Johnny Cueto woke up the Chicago Cubs.
The Cincinnati right-hander had a four-run lead when threw a pitch over the head of David DeJesus with one out in the sixth inning Sunday, drawing a warning from plate umpire Bob Davidson.
Chicago rebounded as Alfonso Soriano hit a tying two-run homer in the eighth inning and Welington Castillo had a go-ahead double in the 10th. The 5-4 victory stopped a season-high, six-game losing streak.
"That just goes to show, don't wake a sleeping dog," Cubs starter Matt Garza said. "That's immature on his part. ... If he wants to say something to me, he knows where my locker is. If he's got a problem, he can throw at me, and I'll do the same. Hopefully, he grows ... up. I hope he hears this. I really don't care. I don't know if there's anything between him and (DeJesus), but I'll stop it. I don't think you intentionally try to injure somebody. I hope the league looks at it. I don't want him suspended or anything. I hope his players talk to him and show him the way it is."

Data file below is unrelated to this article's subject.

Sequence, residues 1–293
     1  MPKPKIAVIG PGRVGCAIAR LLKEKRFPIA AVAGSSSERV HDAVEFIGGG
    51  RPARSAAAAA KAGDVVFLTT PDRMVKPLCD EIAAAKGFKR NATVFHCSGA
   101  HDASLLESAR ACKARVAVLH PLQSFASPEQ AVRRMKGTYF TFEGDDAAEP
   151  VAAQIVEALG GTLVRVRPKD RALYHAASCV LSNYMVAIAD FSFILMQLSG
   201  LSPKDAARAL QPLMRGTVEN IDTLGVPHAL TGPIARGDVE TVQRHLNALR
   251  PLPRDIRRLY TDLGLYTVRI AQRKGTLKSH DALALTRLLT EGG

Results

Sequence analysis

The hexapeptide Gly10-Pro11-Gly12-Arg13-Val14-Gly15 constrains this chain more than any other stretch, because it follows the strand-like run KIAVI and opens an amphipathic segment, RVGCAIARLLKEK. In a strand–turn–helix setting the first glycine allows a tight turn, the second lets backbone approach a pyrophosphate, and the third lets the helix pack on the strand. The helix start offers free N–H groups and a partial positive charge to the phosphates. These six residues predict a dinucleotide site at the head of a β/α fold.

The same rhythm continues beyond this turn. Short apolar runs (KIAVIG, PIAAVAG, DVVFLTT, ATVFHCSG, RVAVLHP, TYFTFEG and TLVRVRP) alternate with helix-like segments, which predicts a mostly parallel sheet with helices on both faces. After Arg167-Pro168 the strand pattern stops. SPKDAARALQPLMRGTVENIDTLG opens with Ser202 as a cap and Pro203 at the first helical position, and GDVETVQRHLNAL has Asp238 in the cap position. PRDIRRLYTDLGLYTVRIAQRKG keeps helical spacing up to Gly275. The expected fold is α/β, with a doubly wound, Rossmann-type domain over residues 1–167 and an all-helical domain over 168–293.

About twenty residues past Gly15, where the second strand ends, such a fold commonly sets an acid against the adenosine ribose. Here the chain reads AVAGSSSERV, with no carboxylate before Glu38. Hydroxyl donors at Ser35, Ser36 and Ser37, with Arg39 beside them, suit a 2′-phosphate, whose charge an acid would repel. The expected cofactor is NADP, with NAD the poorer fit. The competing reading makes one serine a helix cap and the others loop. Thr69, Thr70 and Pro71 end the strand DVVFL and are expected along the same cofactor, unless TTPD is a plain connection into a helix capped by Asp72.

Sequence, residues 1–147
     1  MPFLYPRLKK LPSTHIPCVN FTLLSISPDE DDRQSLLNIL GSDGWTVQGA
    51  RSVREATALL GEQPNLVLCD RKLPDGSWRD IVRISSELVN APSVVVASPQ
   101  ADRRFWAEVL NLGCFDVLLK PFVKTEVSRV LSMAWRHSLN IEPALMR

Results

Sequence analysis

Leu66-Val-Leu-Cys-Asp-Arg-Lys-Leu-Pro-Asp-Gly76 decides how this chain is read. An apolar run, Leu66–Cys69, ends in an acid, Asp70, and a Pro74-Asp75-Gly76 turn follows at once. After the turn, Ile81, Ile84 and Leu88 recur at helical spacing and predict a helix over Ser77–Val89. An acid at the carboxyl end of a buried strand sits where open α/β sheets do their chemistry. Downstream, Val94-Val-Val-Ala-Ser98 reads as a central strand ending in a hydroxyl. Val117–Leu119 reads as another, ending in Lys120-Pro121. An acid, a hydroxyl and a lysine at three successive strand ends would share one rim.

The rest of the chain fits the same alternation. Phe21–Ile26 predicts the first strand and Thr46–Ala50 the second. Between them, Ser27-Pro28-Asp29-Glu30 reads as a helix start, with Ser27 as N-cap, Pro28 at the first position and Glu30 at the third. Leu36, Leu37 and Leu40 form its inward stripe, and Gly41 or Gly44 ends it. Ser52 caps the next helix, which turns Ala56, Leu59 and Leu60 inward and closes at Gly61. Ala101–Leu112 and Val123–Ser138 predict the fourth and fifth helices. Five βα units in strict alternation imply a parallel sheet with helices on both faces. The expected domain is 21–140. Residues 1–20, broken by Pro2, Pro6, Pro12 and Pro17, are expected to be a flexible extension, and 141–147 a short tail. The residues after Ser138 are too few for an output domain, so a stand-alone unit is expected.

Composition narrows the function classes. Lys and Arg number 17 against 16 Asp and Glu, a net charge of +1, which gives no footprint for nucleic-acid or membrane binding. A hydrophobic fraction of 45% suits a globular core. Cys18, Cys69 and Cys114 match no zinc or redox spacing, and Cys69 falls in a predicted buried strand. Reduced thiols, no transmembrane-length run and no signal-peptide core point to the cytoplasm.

Cubs manager Dale Sveum thought the high pitch to Cueto was a response to DeJesus taking his time to get in the batter's box.
"He wasn't trying to hit him," Sveum said. "I think it woke us up. At least it woke up the bench."
Reds manager Dusty Baker says he doesn't understand why Cubs pitcher Matt Garza was incensed by Johnny Cueto's pitch high over David DeJesus' head.
Baker said Monday that the Cincinnati ace "couldn't have hit Wilt Chamberlain with that pitch." Both dugouts were warned after the play.
Baker says: "I just wish they'd put them in a room and let them box and it would be over with — like hockey."
Cueto was not at his cubicle in the Reds clubhouse before their game Monday against Cleveland.
Baker questions whether Garza would have been as upset had he pitched better than his four-inning, four-run outing.
Cincinnati, which had won five straight and 16 of 20, plays the Cubs next in a four-game series at Wrigley Field starting June 10.